The Ocean is a Fickle Mistress

The sea can be a fickle mistress, however. One of the more effective scenes in True Spirit occurs when Watson is pushed to a mental breaking point after enduring nine days of windless, calm seas in the middle of the Atlantic Ocean.

Throughout the preparations leading up the voyage, Watson’s parents wrestle with their responsibilities and obligations as parents. Her mother, Julie (Anna Paquin, The Piano), is supportive despite the risks. Her father (Josh Lawson, House of Lies, Mortal Kombat) is more skeptical but reluctantly lets her go. 

An Uneven But Inspiring Movie

Artistically, the story sometimes seems unconnected. Flashbacks reveal Watson’s backstory through short vignettes. These tidbits of information are not seamlessly tied together. While relevant, the need to recall them might take viewers outside the story despite fine acting by Teagan Croft, Anna Paquin, and much of the cast. 

This unevenness keeps the True Spirit from rising above an inevitably conventional and predictable plot. The movie  stays largely true to the actual events and drama experienced by Watson during her journey.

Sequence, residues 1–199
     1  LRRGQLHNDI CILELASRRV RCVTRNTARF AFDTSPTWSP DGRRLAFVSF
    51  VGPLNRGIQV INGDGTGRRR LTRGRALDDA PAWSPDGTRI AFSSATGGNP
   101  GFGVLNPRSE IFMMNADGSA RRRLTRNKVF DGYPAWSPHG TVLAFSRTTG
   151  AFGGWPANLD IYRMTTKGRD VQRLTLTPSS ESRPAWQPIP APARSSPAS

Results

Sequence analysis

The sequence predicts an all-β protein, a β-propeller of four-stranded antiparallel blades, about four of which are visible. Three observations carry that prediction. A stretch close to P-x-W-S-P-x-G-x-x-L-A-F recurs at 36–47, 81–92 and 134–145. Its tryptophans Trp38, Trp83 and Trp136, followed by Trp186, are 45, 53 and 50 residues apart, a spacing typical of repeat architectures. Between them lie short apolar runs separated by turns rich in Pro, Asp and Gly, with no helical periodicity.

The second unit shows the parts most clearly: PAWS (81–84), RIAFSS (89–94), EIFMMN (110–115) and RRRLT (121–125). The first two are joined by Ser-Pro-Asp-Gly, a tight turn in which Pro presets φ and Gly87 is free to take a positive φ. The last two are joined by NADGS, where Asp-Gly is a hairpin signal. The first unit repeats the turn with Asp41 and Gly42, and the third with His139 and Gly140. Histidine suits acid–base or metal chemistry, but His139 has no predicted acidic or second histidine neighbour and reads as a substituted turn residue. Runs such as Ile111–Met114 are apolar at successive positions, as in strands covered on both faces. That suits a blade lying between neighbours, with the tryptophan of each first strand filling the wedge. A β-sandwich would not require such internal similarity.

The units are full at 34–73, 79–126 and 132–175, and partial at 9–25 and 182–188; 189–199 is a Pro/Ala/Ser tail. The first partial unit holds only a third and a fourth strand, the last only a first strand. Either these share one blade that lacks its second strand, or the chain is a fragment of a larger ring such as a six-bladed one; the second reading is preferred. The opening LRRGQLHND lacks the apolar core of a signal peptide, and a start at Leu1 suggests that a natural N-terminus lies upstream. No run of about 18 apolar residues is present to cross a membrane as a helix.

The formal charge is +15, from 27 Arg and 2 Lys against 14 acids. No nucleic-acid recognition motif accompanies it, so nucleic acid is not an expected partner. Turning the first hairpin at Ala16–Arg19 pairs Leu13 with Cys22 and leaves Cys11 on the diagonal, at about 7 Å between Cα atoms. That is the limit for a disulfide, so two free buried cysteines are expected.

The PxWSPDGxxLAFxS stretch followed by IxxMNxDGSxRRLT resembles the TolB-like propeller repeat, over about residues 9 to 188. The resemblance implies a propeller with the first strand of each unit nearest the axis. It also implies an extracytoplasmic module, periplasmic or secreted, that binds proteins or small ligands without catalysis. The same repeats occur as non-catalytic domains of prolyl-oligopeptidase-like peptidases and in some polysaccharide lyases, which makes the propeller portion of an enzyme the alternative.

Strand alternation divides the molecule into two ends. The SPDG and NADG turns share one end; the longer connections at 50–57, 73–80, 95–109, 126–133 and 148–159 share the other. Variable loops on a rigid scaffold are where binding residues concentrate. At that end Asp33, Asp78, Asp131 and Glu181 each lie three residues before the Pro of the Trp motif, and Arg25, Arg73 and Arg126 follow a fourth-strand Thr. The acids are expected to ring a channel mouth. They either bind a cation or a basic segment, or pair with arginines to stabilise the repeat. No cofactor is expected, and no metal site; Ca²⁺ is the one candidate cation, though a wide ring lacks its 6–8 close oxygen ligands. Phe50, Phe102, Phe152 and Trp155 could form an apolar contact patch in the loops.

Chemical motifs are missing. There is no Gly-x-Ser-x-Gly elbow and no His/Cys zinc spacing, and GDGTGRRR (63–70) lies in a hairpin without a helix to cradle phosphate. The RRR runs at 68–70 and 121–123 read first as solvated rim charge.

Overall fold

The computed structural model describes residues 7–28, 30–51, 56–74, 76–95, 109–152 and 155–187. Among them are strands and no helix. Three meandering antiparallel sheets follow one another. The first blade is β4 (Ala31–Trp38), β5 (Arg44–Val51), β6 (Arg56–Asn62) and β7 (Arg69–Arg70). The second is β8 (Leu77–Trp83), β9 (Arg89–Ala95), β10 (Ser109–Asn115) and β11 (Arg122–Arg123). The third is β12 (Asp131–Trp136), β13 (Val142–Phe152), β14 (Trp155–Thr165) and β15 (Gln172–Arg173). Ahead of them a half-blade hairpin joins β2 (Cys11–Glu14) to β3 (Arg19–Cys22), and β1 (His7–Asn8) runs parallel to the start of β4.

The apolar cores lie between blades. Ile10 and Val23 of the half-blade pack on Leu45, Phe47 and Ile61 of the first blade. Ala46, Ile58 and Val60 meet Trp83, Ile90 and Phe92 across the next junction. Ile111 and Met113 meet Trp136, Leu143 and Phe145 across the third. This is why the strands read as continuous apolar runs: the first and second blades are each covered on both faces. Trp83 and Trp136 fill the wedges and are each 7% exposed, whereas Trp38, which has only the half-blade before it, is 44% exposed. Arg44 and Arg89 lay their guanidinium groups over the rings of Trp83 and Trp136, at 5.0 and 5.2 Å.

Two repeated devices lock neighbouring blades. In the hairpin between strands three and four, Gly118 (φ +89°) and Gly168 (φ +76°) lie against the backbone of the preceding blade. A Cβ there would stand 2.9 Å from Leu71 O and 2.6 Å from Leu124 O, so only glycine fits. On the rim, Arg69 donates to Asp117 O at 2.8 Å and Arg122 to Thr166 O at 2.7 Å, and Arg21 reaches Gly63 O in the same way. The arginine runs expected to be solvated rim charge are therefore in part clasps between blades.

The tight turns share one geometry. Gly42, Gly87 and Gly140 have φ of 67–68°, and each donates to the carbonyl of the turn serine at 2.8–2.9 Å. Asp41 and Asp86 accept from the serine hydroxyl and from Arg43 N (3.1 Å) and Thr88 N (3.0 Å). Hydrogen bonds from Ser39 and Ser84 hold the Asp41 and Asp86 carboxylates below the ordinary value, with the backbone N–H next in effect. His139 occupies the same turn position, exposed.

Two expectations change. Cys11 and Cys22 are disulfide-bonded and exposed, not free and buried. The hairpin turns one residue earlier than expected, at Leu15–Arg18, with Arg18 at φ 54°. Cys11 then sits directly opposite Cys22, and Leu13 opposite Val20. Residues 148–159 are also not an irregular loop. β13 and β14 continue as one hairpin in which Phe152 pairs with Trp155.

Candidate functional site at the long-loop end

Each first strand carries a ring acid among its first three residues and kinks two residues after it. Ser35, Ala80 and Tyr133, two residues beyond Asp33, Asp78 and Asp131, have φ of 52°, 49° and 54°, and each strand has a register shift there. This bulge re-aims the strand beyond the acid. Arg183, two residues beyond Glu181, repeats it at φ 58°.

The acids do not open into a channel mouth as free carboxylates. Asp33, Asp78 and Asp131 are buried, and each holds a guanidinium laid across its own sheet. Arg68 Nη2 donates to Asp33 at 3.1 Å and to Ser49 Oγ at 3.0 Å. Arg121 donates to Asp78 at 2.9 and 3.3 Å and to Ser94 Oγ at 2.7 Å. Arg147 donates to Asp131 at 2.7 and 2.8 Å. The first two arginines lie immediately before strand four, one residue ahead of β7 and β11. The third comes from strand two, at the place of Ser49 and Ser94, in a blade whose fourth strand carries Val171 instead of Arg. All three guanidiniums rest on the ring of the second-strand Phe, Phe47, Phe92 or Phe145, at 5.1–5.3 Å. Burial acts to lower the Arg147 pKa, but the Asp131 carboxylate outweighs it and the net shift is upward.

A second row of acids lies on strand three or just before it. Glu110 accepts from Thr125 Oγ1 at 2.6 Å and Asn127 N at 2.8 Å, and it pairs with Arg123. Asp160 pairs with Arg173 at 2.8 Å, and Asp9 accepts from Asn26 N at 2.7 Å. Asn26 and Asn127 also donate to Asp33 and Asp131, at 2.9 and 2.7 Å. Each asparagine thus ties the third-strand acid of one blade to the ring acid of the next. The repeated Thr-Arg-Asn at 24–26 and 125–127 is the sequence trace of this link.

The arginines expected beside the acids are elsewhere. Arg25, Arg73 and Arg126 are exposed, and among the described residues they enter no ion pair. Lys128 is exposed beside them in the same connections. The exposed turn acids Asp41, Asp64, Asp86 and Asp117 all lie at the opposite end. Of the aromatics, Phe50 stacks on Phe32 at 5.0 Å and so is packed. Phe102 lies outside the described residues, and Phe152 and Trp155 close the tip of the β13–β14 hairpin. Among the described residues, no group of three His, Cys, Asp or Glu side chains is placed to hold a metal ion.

Director and co-writer Sarah Spillane takes a few artistic liberties. While the events depicted in the film are true, they are rearranged to maximize the drama. The movie also understates Watson’s actual experience and training, detailed extensively in her book, although not the degree of public controversy over her quest. 

While Watson clearly circumnavigated the southern hemisphere, her accomplishments are not widely recognized or acknowledged by everyone in the sailing community. Many, including the World Sailing Speed Record Council, require 21,600 mile circumnavigation while Watson’s fell short at 18,582. 

Nevertheless, her accomplishment and the courage to attempt the solo sail were extraordinary.  True Spirit tells Jessica Watson’s story well, the courage it took to attempt it, and the tenacity necessary to complete it. The truth of her tale is nothing short of inspiring. 

Overall True Spirit is a sincere and heartfelt film, suitable for family viewing even if it doesn’t break artistic ground. In other words, it’s a perfect Netflix film. 

For more articles on sailing experiences and films, check out Channeling Isabella + Sailing on this blog.

For more about S.R. Staley’s award-winning historical fiction pirate series, check out his website and author page at Southern Yellow Pine Publishing.

Author: SR Staley
SR Staley has one more than 11 literary awards for his fiction and nonfiction writing. He is on the full-time faculty of the College and Social Sciences and Public Policy at Florida State University as well as a film critic and research fellow at the Independent Institute in Oakland, California. His award-winning Pirate of Panther Bay series ( has won awards in historical fiction, mainstream & literary fiction, young adult fiction, and reached the finals in women's fiction. His most recent book is "The Beatles and Economics: Entrepreneurship, Innovation, and the Making of a Cultural Revolution" due out in April 2020 (Routledge).